Merger Could Benefit Cisco And Linksys Partners

In the survey, Linksys and its closest competitor, D-Link, scored slightly higher overall marks than Cisco among solution providers with $5 million or more in annual sales. But when solution providers of all sizes were taken into account, Cisco beat its competitors handily in all technology and channel program areas.

Linksys' corporate solution provider partners will be integrated into Cisco's channel programs, said Victor Tsao, CEO and president of Linksys. That should be good news for Linksys partners given what solution providers had to say about Cisco in the Channel Champions survey. The vendor won by the largest margin in the area of support over project life, and partners also gave Cisco high marks for keeping them informed of product line and channel program changes.

Tsao told CRN that Linksys, based here, will be treated as an independent division of Cisco--the first time the vendor, which has bought more than 80 companies, has decided to do that.

Cisco CEO John Chambers wants Linksys to continue focusing on consumer and SOHO markets and to keep its own brand, Tsao said. Corporate Linksys products, however, will be sold through the Cisco channel, which means that Linksys will not develop its own channel programs, he said.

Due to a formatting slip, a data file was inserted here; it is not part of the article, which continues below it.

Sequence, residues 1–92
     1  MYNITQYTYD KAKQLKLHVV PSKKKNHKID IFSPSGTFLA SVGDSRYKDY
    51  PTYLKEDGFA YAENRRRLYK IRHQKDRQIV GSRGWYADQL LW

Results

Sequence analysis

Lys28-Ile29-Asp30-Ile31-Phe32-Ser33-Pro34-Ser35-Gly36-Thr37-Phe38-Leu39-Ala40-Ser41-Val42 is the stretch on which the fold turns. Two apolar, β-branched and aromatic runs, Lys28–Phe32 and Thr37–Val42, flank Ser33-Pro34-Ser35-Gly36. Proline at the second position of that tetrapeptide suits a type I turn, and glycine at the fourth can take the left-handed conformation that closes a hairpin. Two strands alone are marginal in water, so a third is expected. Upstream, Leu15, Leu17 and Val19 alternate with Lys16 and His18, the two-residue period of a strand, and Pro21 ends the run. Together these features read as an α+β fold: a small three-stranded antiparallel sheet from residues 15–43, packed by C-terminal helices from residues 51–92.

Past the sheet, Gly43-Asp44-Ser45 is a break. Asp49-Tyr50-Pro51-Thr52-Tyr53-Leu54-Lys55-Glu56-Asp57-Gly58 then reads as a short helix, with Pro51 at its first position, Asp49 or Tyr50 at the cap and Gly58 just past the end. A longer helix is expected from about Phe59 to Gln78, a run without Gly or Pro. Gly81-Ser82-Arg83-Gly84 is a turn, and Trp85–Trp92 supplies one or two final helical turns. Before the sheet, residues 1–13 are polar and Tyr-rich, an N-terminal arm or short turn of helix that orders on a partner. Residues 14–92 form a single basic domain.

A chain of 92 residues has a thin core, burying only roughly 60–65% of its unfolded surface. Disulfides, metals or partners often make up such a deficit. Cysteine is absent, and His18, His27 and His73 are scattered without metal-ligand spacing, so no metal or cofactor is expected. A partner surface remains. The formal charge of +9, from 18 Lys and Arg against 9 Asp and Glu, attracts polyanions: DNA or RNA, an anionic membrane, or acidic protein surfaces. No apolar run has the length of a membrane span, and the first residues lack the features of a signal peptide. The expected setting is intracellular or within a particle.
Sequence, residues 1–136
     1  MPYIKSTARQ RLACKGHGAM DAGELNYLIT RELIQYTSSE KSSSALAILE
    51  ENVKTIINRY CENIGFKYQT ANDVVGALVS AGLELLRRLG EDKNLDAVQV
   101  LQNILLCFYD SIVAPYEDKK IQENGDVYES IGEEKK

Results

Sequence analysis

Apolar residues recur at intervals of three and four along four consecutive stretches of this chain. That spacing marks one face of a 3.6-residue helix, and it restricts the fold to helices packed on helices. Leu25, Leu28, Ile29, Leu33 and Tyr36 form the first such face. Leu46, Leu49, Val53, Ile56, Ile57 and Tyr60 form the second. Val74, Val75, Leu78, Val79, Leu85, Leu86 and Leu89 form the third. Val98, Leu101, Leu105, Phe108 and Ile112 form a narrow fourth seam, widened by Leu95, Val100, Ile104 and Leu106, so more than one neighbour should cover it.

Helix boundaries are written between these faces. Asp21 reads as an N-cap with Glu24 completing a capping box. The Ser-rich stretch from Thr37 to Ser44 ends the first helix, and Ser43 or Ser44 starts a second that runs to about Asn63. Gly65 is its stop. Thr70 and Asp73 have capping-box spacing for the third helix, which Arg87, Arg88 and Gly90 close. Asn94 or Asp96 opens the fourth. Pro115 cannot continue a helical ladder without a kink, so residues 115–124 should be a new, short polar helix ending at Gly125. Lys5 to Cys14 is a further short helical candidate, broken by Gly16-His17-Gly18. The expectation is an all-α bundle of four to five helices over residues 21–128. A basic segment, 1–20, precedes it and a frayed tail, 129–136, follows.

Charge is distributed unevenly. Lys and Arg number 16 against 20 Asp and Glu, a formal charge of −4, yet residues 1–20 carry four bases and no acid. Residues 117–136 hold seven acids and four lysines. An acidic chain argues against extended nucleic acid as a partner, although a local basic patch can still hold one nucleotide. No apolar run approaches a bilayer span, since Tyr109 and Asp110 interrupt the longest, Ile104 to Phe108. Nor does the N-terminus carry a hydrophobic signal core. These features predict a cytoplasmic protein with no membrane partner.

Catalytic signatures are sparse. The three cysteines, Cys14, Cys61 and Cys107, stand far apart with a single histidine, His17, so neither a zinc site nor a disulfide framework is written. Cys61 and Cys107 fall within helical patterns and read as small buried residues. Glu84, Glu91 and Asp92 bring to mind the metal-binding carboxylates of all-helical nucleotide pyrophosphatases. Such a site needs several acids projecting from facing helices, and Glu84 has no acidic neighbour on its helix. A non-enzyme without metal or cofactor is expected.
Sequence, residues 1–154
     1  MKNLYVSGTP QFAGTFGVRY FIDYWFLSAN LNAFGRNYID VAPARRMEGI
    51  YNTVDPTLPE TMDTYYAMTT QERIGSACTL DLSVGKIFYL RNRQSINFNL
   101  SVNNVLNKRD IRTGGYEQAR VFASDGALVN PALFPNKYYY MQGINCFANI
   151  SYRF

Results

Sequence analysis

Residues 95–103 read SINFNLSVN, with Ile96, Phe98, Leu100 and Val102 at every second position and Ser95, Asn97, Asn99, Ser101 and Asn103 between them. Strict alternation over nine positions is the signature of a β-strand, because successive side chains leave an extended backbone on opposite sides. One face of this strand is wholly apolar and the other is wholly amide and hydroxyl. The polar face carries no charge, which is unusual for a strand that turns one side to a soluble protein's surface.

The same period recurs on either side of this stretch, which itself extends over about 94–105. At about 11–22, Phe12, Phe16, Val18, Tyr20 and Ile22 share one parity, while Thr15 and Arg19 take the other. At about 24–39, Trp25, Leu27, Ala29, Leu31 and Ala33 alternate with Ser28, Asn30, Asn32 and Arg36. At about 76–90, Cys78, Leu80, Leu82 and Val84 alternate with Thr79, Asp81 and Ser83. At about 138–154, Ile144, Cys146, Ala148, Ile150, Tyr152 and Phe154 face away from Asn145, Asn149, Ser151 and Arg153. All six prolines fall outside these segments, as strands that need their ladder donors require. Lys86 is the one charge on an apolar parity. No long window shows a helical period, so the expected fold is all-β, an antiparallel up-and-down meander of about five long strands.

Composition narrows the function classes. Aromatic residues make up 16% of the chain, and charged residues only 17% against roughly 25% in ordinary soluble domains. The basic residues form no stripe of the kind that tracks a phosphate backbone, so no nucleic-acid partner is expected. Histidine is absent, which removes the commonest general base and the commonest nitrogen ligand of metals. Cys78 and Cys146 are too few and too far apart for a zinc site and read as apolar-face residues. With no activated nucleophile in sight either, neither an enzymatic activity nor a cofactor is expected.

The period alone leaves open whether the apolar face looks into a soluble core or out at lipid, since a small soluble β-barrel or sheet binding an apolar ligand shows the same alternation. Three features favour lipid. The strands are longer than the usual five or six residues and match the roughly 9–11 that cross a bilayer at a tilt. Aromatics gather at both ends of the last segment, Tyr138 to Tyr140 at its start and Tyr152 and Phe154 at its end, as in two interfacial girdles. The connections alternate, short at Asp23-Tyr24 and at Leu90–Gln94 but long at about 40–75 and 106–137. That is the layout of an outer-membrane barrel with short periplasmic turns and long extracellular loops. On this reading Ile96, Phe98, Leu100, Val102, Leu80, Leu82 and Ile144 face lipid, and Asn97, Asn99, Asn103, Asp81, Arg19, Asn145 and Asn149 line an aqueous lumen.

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One of the reasons Cisco wants to keep Linksys independent is that Cisco follows more of a build-to-order business model and its products typically have a gross margin of 70 percent, Tsao said. That compares with Linksys products, which typically are stocked on store shelves and have a gross margin of 30 percent, he said.

Linksys boasts an extensive line of routers and other equipment used in home networks. That market has become an increasingly lucrative space for solution providers as high-speed Internet connections drive the convergence of networked IT solutions in homes.

"Fueled by consumer broadband adoption, the home-networking space has experienced mass market acceptance," said Chambers in a statement.

Linksys is owned by Tsao and his family.

"At this stage of our growth, merging with Cisco makes a lot of sense," Tsao said. "We can take advantage of technologies from Cisco to make some cool new products. The market is maturing so there is some consolidation, and this will help us with international expansion."